George Washington, the father of our country, has become politically incorrect. In November, the New Orleans School Board voted to remove Washington’s name from an elementary school because he was a slaveholder and thus a bad example for children.
As reported in an Associated Press article, a Black civil rights leader in New Orleans, Mr. Carl Galmon, commented that “to African Americans, George Washington has about as much meaning as David Duke.”
It was inevitable. On the free speech soapbox twenty-seven years ago at LSU, I predicted that the passing of America from a White to a non-White nation would devastate our American heritage. I did not think then that it would happen in so short a time. America is still a few decades away from Whites becoming a minority in our nation, but already Black political power asserts itself in attacks on America’s most hallowed icons. In many of the ninety-five percent Black public schools of New Orleans, students now pledge allegiance to the red, black, and green, Black Liberation Flag, rather the Stars and Stripes. They sing a Black Liberation Anthem rather than the Star Spangled Banner. Not limited to New Orleans, this apostasy goes on in schools from Detroit to Atlanta and Miami to Kansas City.
Make no mistake, the vilification of George Washington is not the work of just a few Black radicals. Its perpetrators were a publicly elected school board, including a couple of craven Whites. To avoid being called racists, the Whites quietly acquiesced in the degradation of America’s greatest hero.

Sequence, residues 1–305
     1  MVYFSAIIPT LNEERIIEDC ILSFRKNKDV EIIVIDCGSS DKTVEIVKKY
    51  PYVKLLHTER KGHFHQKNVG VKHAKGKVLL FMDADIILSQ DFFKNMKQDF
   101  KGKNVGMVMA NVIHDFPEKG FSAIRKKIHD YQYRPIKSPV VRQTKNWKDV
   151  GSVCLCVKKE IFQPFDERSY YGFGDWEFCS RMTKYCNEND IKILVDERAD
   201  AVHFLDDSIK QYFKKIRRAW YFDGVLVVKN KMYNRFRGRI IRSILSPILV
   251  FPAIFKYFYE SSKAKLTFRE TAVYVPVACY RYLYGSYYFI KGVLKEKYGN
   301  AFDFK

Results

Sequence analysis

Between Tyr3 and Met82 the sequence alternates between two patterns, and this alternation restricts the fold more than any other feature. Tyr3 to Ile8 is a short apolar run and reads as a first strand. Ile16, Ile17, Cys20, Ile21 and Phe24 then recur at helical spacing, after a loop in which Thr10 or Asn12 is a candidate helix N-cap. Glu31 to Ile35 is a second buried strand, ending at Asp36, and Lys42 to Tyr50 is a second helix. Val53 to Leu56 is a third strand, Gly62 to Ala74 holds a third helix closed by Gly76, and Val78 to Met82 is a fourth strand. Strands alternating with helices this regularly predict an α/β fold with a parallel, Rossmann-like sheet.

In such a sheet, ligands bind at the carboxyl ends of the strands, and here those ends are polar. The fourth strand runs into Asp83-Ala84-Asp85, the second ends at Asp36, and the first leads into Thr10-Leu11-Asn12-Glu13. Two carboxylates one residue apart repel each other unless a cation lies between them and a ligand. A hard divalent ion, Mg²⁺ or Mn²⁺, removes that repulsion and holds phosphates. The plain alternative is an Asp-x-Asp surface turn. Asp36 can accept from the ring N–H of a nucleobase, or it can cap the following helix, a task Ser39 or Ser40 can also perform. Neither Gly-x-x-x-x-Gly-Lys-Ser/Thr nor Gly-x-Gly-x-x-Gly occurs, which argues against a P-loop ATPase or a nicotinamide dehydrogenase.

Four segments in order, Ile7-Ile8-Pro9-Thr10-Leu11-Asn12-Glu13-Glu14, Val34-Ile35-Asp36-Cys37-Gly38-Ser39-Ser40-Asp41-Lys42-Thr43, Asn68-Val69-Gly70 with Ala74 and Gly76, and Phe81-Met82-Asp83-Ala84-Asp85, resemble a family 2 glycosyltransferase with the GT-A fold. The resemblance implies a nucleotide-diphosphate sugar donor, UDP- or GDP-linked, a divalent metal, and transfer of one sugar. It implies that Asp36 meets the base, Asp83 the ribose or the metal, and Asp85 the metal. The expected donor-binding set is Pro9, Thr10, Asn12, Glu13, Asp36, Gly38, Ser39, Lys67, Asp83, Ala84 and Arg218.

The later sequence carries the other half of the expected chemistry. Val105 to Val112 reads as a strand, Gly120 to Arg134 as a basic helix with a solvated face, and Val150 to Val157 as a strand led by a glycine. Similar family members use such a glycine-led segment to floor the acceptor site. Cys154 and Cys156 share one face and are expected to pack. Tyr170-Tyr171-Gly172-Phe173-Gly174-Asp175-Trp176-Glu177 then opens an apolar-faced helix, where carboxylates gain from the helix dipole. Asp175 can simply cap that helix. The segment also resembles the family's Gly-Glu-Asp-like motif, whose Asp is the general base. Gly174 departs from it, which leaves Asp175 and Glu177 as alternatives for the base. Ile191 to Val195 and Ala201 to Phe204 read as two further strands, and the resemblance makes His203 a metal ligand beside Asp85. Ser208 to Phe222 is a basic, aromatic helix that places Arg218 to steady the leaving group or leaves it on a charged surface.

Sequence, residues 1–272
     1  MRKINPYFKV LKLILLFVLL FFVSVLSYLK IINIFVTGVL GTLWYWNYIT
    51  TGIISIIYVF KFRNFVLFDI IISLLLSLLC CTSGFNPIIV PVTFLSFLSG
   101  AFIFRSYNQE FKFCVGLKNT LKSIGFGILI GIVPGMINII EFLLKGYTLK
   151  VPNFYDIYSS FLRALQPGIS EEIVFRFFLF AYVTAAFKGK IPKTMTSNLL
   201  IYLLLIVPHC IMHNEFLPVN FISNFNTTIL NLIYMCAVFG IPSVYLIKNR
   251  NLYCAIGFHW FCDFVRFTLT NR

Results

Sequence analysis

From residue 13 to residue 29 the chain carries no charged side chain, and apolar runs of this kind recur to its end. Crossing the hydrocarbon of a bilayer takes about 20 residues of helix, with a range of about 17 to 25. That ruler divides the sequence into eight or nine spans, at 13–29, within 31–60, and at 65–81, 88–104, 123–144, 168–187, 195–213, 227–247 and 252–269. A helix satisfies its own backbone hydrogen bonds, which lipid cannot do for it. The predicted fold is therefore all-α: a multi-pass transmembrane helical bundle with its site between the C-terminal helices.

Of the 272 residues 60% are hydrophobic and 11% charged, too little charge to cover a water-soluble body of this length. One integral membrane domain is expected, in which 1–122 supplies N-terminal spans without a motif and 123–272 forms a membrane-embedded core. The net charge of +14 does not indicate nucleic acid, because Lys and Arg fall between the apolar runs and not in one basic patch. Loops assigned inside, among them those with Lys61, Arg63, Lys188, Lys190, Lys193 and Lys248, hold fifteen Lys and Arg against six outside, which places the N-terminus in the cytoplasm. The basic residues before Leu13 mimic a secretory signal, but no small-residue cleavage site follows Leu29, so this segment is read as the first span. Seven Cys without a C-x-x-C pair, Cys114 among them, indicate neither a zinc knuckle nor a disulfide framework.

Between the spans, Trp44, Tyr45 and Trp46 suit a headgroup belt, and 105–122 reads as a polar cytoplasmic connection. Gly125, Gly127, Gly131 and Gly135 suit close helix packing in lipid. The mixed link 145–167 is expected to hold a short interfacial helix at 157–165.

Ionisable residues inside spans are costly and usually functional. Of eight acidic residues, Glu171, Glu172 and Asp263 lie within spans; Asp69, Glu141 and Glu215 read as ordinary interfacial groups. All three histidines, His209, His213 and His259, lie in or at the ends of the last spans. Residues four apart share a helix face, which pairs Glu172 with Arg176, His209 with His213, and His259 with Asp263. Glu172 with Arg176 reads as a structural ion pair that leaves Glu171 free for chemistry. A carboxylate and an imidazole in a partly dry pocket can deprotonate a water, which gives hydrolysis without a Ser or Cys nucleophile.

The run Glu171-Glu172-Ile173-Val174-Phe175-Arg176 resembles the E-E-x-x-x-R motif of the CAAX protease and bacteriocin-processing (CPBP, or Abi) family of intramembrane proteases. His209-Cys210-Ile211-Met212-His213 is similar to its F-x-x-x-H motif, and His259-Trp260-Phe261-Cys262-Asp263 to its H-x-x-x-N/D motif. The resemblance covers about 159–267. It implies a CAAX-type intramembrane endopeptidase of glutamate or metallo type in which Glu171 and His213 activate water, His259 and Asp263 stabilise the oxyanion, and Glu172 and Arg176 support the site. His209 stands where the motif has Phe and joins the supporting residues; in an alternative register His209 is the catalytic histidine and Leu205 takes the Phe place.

In a nationally syndicated column by Black writer, Leonard Pitts, he praised the renaming of the school and wrote that Blacks justifiably think of Washington as man of low character “who held human beings by chains.” Liberals are now telling us that George Washington was a hypocrite, who espoused the “rights of man” while practicing slavery.
Since the Second World War, Americans have been repeatedly told that our founding fathers were racial egalitarians. Anyone who opposed the Black civil rights movement were represented as un-American. Of course, it was all a big lie. Washington and Jefferson, as well as the other founding fathers were not hypocrites, they were completely consistent. The truth is that when Washington and Jefferson spoke about the “rights of man” they clearly were speaking about White men, not Blacks whom they viewed as a primitive form of humanity. Thomas Jefferson in his Notes on the State of Virginia wrote that White women who cohabited with Black males should be “outside the protection of the laws,” meaning that he believed that those who acted violently against them should not be prosecuted. The Constitution equated Blacks as three-fifths of a person. Even the Supreme Court of the United States dared to state clearly in a major decision that America was created “by and for White people.” Racial integration, Black voting, and racial intermarriage were opposed by most Whites until late in this century.